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Why does SQL Clone Agent need local Administrators privilege?

I recently asked this question on ServerFault and got an answer indicating Backup Operator should be sufficient: https://serverfault.com/a/948106/238609

However, SQL Clone Agent service will not start unless it's service account is a local administrator.
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    I should add: IT Audits are extremely expensive, costing anywhere between $20,000 to $100,000 per audit for one of my clients.  So every time we use a tool that requires Administrator privilege to function, it raises an audit flag and lowers the IT department score and increases the frequency of costly audits.
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    While Backup Operator is sufficient to open a connection to VDS (although I should note that since this is deprecated, SQL Clone now uses the Windows Storage Management API on supported platforms), that isn't enough to do operations that SQL Clone requires, such as attaching virtual disks. That requires the privilege "Perform volume maintenance tasks", which is only available to local Administrators by default (which Microsoft recommend as best practice). There's a lot of other permissions that would be required on top of Backup Operator to perform SQL Clone's basic functionality - I attempted a build which didn't enforce local admin and had to change permissions on certificate private keys and SQL Server data files, and grant "perform volume maintenance tasks" just to get part-way through the process, but that still wasn't sufficient to perform the required storage management API calls.

    Moreover, SQL Clone agents auto-update themselves by virtue of the fact that they are running as local admin, so even if we were able to find a lengthy set of permissions that could permit perform imaging/cloning, auto-updating would be broken without permission to install software.

    Of course, we would always want to keep the requirements for our software as low as possible, but haven't managed to find a reasonable way to run SQL Clone Agents with lower than local admin privileges given the kinds of operations it does. What we would generally recommend is to not install SQL Clone Agent on production systems where there would understandably be much greater scrutiny, and instead use backups to import data into the system.
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    Thanks, Chris!  This is not a production system, but auditors do not seem to care.  Ability to have group MSA is the only saving grace here - this probably lowers it from a red flag to a yellow flag.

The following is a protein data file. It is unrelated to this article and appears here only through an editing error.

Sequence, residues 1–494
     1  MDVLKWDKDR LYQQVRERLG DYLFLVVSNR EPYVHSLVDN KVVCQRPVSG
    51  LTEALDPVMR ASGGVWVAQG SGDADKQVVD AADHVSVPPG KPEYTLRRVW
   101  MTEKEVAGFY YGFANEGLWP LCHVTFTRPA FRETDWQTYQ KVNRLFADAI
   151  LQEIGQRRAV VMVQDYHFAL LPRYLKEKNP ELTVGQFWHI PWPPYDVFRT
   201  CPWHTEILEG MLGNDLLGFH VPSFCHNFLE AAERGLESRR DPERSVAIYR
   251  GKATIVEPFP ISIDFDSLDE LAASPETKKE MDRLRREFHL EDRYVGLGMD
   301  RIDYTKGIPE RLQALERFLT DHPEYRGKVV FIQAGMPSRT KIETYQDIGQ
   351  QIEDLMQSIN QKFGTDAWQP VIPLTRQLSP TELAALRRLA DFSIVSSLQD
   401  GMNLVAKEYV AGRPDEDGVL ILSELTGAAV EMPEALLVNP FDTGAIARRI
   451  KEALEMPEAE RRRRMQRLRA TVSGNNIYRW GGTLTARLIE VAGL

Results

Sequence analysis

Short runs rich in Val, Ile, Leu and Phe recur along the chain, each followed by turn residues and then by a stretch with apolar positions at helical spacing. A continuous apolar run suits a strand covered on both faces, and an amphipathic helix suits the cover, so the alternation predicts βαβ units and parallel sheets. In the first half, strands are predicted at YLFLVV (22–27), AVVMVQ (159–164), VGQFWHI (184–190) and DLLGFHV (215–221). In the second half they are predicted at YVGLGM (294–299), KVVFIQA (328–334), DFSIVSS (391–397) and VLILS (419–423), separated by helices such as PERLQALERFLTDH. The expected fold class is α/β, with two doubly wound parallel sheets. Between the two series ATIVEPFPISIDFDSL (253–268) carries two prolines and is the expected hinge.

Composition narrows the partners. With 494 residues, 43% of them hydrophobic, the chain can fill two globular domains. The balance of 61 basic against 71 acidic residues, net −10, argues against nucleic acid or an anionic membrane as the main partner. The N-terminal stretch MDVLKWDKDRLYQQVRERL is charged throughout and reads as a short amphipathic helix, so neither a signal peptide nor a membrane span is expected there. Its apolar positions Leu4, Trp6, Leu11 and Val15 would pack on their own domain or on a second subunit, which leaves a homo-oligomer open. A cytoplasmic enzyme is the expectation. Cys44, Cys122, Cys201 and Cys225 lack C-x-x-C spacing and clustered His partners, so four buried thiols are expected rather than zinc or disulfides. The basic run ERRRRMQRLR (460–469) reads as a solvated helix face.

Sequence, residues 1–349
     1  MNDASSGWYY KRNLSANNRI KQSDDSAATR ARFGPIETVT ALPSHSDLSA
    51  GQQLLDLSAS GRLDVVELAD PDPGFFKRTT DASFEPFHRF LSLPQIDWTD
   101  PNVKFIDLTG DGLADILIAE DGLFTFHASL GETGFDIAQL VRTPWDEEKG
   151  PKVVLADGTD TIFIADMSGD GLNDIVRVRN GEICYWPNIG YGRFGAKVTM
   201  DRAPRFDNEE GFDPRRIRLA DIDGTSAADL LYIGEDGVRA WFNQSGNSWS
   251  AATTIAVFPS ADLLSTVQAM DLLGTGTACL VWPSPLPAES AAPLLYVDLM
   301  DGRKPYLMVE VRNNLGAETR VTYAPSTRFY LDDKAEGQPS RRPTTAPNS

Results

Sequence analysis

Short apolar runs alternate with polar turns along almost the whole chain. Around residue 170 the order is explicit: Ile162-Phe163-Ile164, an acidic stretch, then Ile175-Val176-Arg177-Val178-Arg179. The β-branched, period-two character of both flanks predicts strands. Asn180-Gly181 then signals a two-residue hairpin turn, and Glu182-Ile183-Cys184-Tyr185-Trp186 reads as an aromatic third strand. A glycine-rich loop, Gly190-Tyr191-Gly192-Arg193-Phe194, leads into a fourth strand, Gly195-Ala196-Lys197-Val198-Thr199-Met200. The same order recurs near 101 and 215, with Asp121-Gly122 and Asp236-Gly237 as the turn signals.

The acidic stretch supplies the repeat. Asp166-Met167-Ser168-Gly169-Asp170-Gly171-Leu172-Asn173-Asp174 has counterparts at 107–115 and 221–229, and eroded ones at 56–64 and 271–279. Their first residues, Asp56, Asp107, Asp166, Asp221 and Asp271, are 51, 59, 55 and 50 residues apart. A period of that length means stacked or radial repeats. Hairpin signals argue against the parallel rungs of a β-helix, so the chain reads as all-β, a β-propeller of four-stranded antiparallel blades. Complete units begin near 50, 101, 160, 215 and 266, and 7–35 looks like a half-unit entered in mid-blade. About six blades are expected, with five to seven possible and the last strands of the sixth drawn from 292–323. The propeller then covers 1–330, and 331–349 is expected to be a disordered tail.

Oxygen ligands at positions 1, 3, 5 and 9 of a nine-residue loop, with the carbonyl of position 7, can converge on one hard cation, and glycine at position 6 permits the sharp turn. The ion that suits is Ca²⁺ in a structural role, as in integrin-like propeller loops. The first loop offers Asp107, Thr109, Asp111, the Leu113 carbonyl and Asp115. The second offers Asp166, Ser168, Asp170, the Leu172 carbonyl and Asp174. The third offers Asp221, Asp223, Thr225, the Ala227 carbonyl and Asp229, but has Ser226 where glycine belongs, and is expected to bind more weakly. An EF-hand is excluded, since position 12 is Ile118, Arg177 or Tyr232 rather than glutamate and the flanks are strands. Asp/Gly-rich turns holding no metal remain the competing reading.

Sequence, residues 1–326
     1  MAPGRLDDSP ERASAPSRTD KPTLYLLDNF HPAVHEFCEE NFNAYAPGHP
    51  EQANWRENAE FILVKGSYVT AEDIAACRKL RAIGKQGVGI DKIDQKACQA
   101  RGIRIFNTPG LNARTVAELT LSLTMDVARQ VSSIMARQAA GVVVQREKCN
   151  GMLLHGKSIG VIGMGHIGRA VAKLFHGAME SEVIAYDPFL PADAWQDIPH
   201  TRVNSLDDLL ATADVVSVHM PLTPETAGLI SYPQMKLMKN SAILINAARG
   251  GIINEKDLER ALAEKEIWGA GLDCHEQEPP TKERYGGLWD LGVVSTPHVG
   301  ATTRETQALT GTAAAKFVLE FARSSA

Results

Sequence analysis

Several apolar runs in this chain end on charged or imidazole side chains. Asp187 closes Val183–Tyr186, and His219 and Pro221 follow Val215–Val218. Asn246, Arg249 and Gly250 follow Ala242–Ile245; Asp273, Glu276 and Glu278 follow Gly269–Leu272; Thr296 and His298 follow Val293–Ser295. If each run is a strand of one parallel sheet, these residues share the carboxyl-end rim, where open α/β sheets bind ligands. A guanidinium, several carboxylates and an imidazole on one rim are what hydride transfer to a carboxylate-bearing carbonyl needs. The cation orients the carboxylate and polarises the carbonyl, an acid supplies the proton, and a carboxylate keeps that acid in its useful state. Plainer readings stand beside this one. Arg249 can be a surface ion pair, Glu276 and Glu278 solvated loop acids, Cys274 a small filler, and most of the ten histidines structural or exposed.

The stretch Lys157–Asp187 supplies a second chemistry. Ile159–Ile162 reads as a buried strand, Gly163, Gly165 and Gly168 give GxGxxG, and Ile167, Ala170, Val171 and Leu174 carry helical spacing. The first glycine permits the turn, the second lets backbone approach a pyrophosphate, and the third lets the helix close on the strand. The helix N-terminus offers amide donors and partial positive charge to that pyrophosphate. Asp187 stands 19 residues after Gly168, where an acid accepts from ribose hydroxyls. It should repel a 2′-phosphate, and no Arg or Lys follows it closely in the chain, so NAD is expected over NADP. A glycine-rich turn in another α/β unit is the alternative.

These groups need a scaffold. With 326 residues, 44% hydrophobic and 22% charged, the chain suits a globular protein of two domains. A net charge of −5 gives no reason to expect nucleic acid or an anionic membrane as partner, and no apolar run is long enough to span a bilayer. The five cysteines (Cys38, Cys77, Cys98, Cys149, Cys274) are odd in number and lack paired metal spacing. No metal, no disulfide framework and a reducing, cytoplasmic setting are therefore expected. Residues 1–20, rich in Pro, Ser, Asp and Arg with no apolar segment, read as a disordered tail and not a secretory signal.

Do you know what permissions the Windows Storage Management API requires?  I tried to find documentation prior to writing this post and the one on ServerFault, but the documentation is sparse.
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    T_Steve_GT_Steve_G Posts: 1 New member
    edited August 27, 2019 3:51PM
    I created an account to give feedback on this topic. I don't know what, if anything that can be done regarding the requirement of local administrator for the service: But this is a serious barrier for many large customers, my enterprise included.

    As an enterprise DBA I was exploring SQL Provision to make a case to explore it at my workplace. But unfortunately when I learned it needed local administrator this stopped my effort in it's tracks. Any DBA who also has responsibilities for the security of the sql environments (which should be most of us right?) is in the process of or has already eliminated every such application requirement as possible, and will be averse to adding a new service that requires local administrator permissions.

    I can see a lot of use for a product like SQL Clone (it does some fantastic and helpful things) and will continue to watch to see if this requirement can be might be able to be removed in the future.
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    @T_Steve_G

    I think you just need to communicate to RedGate how much $ your company would be prepared to spend on such a solution.  If you're a large enterprise, SQL Clone will likely be cheaper than Dephix or WinDocks, and probably better supported.

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    The other drawback to SQL Clone and most tools like it is there is no RDS offering.  You can somewhat work around this by using regular SQL Server IAAS instances for dev.
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